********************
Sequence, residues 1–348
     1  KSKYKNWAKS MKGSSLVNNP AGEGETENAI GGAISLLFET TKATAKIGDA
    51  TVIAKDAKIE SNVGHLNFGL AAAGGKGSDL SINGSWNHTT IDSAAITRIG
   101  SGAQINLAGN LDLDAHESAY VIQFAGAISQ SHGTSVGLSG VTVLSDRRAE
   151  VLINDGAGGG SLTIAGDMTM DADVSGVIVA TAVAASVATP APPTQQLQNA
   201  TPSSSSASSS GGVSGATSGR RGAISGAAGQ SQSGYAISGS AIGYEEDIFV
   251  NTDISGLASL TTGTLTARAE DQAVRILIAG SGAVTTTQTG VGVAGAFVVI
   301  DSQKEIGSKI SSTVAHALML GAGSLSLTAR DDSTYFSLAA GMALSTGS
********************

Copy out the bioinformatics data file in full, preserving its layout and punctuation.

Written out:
Sequence, residues 1–348
     1  KSKYKNWAKS MKGSSLVNNP AGEGETENAI GGAISLLFET TKATAKIGDA
    51  TVIAKDAKIE SNVGHLNFGL AAAGGKGSDL SINGSWNHTT IDSAAITRIG
   101  SGAQINLAGN LDLDAHESAY VIQFAGAISQ SHGTSVGLSG VTVLSDRRAE
   151  VLINDGAGGG SLTIAGDMTM DADVSGVIVA TAVAASVATP APPTQQLQNA
   201  TPSSSSASSS GGVSGATSGR RGAISGAAGQ SQSGYAISGS AIGYEEDIFV
   251  NTDISGLASL TTGTLTARAE DQAVRILIAG SGAVTTTQTG VGVAGAFVVI
   301  DSQKEIGSKI SSTVAHALML GAGSLSLTAR DDSTYFSLAA GMALSTGS